Weighing the Pros and Cons of Older and Newer Homes

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There are advantages and disadvantages to owning old and new homes. Some may seem pretty obvious, but others might surprise you. Before you begin your search for your dream home, be sure to take these points into consideration:

Advantages of Older Homes

Some people love the idea of living in a historic home. The old saying “they don’t make them like this anymore” comes to mind when it comes to homes from days gone by. Even if the home you are considering isn’t technically listed as “historic,” homes built in the late decades of the 20th century can still offer some advantages.

  • Good Construction – Older homes have stood the test of time.
  • Bigger Lots – You’ll generally find more spacious yards and privacy when it comes to older homes.
  • Established Neighborhood – Older homes are typically found in older neighborhoods, which means mature trees, longer-term neighbors and possibly a tighter-knit community.
  • Tax Incentives – If your home is listed in the National Register of Historic Places, you may be qualified for certain tax benefits, especially if you plan to use the home for rental property. According to the National Trust for Historic Preservation, income-producing properties listed in the National Register qualify for federal tax credits, in order to help offset the cost of rehabilitating.

Disadvantages of Older Homes

  • Expensive – Older homes have become quite popular in the market, especially if they have been restored and well-maintained. It takes a lot to take care of an older home, so expect to pay a lot.
  • Maintenance – Older homes typically require several updates; however, the sellers might have done a lot of that initial work for you. Even so, it will take money and TLC to maintain your older home.
  • Minimal Storage Space – The need for walk-in closets and two-car garages is relatively new. Expect to see smaller closets, bathrooms and garages in homes built prior to 1990.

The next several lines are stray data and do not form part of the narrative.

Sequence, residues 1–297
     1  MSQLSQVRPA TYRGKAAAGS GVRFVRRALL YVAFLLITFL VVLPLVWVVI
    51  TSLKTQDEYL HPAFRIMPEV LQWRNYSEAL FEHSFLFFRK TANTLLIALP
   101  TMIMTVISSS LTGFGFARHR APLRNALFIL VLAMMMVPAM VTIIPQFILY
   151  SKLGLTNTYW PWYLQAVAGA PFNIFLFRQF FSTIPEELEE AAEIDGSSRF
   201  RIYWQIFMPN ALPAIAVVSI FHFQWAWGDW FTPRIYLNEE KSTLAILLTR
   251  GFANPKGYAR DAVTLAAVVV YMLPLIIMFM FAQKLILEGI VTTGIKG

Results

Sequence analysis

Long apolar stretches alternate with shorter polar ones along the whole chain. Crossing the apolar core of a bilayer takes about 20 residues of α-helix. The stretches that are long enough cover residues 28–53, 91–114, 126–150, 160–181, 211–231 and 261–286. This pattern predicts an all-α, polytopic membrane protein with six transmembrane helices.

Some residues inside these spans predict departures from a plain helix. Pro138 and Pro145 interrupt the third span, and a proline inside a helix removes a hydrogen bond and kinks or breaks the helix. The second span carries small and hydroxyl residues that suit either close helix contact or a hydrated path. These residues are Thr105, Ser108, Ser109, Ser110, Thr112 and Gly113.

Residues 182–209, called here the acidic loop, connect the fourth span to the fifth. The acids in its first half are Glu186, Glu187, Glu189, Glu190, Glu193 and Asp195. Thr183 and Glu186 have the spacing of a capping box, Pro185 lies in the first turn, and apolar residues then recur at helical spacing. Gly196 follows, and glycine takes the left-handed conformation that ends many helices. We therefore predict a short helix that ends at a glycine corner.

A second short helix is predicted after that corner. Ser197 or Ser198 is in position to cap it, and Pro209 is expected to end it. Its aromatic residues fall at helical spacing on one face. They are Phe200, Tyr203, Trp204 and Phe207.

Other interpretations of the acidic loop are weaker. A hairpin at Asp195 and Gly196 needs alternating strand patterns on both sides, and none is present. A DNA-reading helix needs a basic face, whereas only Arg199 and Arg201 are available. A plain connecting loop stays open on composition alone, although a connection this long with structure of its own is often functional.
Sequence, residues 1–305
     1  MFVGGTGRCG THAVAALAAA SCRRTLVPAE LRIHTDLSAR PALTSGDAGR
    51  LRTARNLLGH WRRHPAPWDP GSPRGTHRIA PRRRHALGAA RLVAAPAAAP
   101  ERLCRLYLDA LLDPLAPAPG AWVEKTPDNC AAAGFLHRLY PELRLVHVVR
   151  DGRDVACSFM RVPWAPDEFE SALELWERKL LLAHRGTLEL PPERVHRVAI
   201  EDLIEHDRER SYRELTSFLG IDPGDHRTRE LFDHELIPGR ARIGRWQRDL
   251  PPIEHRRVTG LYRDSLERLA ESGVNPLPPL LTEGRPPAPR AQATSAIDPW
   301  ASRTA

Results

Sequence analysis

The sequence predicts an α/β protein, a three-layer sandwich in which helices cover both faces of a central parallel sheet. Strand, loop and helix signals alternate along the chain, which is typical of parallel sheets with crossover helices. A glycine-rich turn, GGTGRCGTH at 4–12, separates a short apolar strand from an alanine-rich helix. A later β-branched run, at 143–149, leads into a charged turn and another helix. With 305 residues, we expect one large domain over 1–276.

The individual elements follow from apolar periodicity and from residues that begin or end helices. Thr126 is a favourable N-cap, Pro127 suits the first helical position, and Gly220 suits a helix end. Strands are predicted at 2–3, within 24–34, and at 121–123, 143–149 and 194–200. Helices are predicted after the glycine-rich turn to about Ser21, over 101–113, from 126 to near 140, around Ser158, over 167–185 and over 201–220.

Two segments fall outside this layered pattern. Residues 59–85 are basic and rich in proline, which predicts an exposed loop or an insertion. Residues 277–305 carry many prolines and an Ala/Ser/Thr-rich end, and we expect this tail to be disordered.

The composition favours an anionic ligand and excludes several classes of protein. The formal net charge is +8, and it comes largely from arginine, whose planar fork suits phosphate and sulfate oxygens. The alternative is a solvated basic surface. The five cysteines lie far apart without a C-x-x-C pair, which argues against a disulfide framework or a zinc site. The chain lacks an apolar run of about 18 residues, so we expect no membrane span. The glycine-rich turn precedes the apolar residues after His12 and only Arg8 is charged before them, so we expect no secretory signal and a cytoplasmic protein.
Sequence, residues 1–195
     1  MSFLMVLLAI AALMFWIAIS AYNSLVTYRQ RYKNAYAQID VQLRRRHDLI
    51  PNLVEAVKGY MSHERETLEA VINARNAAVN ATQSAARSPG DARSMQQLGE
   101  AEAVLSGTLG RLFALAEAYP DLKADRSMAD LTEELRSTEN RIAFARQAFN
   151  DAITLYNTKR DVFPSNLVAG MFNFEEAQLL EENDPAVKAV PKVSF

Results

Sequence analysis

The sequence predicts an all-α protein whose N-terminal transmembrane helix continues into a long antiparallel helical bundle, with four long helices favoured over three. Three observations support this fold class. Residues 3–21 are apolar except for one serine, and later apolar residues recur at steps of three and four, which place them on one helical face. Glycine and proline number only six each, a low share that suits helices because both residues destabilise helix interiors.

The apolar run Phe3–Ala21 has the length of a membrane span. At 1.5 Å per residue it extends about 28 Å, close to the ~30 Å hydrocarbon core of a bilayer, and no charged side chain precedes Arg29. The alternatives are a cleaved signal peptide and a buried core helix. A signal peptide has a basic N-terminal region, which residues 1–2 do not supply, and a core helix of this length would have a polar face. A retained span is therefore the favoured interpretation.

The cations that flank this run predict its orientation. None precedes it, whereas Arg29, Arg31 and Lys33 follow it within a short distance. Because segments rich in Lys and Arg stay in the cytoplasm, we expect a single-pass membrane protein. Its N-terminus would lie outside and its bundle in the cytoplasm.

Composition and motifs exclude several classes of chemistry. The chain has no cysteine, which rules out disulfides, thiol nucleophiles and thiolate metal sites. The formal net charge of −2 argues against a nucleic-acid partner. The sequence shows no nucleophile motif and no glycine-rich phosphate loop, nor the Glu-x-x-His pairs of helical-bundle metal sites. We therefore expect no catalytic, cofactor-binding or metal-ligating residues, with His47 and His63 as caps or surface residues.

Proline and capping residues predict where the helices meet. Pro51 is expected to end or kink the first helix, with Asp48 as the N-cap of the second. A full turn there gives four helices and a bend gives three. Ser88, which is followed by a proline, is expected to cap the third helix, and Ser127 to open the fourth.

2Advantages of Newer Homes

  • Newer Construction – Naturally, newer materials and appliances will prevent you from having to do replacements or updates any time soon.
  • Modern Conveniences – His and her sinks, walk-in closets, laminate floors, track lighting… You won’t find these things in old homes, unless the previous owner has added them.
  • Emotional Factor/Novelty – Like a blank slate, a brand new home can offer a sense of freedom when it comes to decorating, and it also can add a sense of pride and security, knowing that you are the very fist people to ever live in the home.

Disadvantages of Newer Homes

  • Undeveloped Neighborhood – Mature trees and vegetation, a tight-knit community… These are things you might not get with a newer home.
  • Longer Distance to City/Downtown – Newer homes are usually built in suburban areas. If you work or play downtown, this could be a big drawback.
  • Cheaper Construction – While most builders are reputable and use quality materials, anything from walls to counter tops can be inferior to what you might find in an older home.

Lisa is a cost-cutting, money-saving, life-simplifying guru, ready to share her secrets and the tricks up her sleeve. As a mother to a teenager and a twenty-something, avid surfer, and world traveler, Lisa knows how to live the good life on a budget. She covers topics that help us let go of wasteful and costly habits, and embrace those that do our wallets, our bodies, our families, and our planet some good!

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